Road Runner, by Bianca Brutaldo
Chapter 34
How to graciously accept an apology

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Dec. 5

Dear Peasant,

Merry Christmas-ish. We don’t celebrate it around here, but it snowed a bit last night so it feels festive. I hope that you’re all safe. The best Christmas I ever had was that one where Vivian brought home a 1,000-piece puzzle with about 200 pieces missing and we penciled in our own puzzle pieces on the floor to complete it.

I miss you.


I follow Nicole’s advice, kind of. I don’t practice what I’m going to say to Zelda but I do wait for a good time to say it – egg night, when we condition our hair together. We’re both in a pretty good mood on egg night.

“Are you excited for prison tomorrow?” she asks.

The day has finally arrived: Our Understanding the Enemy class is going to tour the prison tomorrow. We’re supposed to stay in real cells and get the whole prison experience. It’s one of the reasons I want to talk to Zelda now. I figure, with the way people here whisper about prison, I don’t need another stressor weighing on my mind.

Professor Munger makes her second-years attend prison every year. Zelda and I are the only first-years going, which makes us rather tragically hip.

“Being the authority in a police state is a serious responsibility,” she has said many times. “Subjecting someone to prison time, even in the short term, can have lasting effects on their psyche, their family and their future ability to get a job or even rations. It’s imperative that their behavior warrants such a profound punishment.”

I’m not sure the on-the-ground practice of the Peacekeepers I’ve witnessed would agree but it’s a nice thought, at least.

All the third years on base whisper about the tour like it’s sacred, which is to say they say nothing about it at all. Even Rodney wouldn’t tell me what to expect after I did him a Rodney-favor and dropped off his laundry for him.

“You’ll fit right in,” is all he’d say. Which I think is insulting?

I am dreading prison. But first, I have to get through this conversation with Zelda.

“Of course I’m excited for tomorrow,” I tell her. “I can’t wait to see all of my domestic terrorist brethren and plot how next to terrorize Peacekeeper scum.”

Zelda stops beating our eggs. “Is that supposed to be funny?”

“Yeah, it was.” I try to keep my tone light but even I can hear it’s going brittle fast. “You seemed to think it was funny when you were laughing with what’s-her-face about how I was too stupid to be a domestic terrorist.”

Instead of guilty, she looks puzzled. “What? When?”

“In the library last week. She said people on campus thought I was a domestic terrorist and you told her I was too stupid to be one.”

“Oh.” She puts the bowl down. “I’m sorry.”

I’m shocked. I expected her to argue.

“I do remember that conversation, although not exactly how you describe it,” she continues. “Alexi was floating some stupid theory about you plotting to have Rodney and Mel attacked, and I remember trying, logically, to explain how impossible that was. I can’t imagine the discipline and planning it would take to orchestrate attacks like that from on base, and discipline and planning are two of my favorite things! You know that. And they are not your forte at all – we both know that. That’s all I was trying to convey to her. Rather than saying, ‘No, you’re stupid and wrong and I know this because Rio’s my friend,’ which is the truth and what I wanted to say, I was trying to show her how ridiculous her theory was so maybe she’d stop repeating it. I didn’t know you were listening but I can see how that would sound callous to you, and I never intended that. Although, I will admit, it did hurt my feelings that you were so flippant about Mel, and so concerned about how you’d never run off base again.”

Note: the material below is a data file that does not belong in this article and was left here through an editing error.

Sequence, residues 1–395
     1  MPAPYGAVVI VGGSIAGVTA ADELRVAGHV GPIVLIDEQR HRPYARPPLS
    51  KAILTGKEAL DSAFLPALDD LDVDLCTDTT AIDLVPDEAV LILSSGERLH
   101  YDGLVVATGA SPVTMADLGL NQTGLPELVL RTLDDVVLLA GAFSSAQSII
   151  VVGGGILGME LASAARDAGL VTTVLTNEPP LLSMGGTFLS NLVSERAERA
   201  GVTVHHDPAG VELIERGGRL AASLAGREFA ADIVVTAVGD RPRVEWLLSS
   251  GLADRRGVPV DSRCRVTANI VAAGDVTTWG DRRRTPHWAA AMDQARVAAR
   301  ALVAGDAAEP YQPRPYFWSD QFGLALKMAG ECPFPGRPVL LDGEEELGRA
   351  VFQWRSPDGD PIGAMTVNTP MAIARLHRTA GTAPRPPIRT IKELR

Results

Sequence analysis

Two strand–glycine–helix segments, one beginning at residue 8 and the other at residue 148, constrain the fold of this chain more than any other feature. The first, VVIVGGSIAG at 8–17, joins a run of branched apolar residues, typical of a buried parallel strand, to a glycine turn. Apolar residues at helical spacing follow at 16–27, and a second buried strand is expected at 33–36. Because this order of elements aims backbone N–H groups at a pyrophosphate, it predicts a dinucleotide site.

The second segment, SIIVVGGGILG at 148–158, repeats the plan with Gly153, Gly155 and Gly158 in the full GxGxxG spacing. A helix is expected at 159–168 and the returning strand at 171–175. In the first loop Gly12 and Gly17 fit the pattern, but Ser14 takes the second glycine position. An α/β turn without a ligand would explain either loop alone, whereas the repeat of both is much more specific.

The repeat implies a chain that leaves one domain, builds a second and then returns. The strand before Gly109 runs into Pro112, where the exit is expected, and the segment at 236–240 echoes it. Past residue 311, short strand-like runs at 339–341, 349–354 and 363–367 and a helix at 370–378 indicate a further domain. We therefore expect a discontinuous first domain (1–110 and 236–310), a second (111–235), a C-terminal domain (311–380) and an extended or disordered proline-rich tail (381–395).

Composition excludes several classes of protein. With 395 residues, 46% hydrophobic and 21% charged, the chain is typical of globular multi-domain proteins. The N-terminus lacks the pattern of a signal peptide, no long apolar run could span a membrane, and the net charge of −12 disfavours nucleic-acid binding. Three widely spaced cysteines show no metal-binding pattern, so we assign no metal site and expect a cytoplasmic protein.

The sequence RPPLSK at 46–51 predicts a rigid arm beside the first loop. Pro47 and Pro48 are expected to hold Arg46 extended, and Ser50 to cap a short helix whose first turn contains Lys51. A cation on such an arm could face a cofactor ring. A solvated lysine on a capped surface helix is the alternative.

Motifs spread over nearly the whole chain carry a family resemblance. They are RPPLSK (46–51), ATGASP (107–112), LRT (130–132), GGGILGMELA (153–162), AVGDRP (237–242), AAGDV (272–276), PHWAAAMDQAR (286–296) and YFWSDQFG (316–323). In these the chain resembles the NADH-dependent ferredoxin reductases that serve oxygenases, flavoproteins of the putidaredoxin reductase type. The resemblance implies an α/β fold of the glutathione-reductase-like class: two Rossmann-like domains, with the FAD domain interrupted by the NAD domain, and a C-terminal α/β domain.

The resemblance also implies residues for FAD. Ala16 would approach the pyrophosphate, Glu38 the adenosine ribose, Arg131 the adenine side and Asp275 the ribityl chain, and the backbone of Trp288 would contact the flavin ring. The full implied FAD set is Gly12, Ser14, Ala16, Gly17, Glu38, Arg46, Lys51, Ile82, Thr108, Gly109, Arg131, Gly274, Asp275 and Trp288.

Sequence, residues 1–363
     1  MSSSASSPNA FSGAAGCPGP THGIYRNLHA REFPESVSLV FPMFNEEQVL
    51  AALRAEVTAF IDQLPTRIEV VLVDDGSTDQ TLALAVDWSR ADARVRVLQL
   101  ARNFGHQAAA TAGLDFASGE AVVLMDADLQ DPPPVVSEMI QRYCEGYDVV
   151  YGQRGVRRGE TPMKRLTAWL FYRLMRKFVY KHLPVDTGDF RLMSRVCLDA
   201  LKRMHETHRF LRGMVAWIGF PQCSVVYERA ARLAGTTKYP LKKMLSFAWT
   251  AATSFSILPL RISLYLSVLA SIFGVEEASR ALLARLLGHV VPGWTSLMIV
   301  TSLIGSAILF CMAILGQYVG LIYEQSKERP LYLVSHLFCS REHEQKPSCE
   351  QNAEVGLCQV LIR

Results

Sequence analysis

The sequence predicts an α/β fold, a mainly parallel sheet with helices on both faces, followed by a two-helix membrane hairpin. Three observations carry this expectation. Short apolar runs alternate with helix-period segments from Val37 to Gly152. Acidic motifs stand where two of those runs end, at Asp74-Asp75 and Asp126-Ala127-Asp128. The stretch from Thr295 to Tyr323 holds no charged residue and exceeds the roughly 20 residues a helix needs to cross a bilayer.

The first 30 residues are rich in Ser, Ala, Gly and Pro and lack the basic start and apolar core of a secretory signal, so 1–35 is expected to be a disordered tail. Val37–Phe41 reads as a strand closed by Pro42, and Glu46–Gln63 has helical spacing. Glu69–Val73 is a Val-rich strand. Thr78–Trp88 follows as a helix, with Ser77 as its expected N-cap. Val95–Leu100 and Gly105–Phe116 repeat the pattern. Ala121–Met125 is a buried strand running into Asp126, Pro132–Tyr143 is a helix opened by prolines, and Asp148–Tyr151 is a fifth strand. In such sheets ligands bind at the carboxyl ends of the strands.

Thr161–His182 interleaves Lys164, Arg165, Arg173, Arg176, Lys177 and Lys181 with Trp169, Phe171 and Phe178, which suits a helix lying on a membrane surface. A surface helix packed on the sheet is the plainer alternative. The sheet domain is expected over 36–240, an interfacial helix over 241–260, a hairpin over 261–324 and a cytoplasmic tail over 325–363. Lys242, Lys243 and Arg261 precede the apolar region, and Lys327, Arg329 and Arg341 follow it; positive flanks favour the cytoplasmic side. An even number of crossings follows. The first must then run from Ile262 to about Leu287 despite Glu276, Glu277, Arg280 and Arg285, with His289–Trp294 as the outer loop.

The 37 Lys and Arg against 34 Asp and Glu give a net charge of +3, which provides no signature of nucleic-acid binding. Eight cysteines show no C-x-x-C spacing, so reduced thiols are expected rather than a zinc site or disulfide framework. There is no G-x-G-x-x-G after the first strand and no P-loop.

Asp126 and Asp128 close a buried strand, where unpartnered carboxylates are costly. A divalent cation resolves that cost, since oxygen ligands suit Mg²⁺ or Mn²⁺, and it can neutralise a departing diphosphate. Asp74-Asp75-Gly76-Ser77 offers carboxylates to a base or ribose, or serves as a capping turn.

I don’t know what to say. Her explanation was so beautiful and sincere and so very Zelda that I’m speechless. Why do I expect to feel victorious when I am given apologies that are owed to me? And why do I instead feel humbled?

“Ok, thanks for apologizing,” I eventually respond.

She smiles. “Ok, ready to get magazine hair before our big prison visit?”

I’m nodding at her but then my mouth says, “No. Not yet. I need to say a few things that need saying. I, uh – thank you for saying all that you said. Thank you for trying to defend me. I know sometimes I’m not the greatest friend. I didn’t really have friends growing up, just my little sister and she won’t even speak to me now. I’m still learning this whole ‘how to be a good friend’ thing. And – and – I’m grateful for you. For your friendship. And for your patience with me when I don’t measure up.”

Because she is Zelda, because she is an angel, she ignores my glassy eyes and simply says, “Of course. I’ll always stand by you, up until the day you try to overthrow the government, you dirty domestic terrorist.”

If I really were a good friend, I would’ve told her about the ‘F,’ but I keep my mouth shut. Instead, we laugh together and speculate about prison while eggs put the gloss on our magazine hair.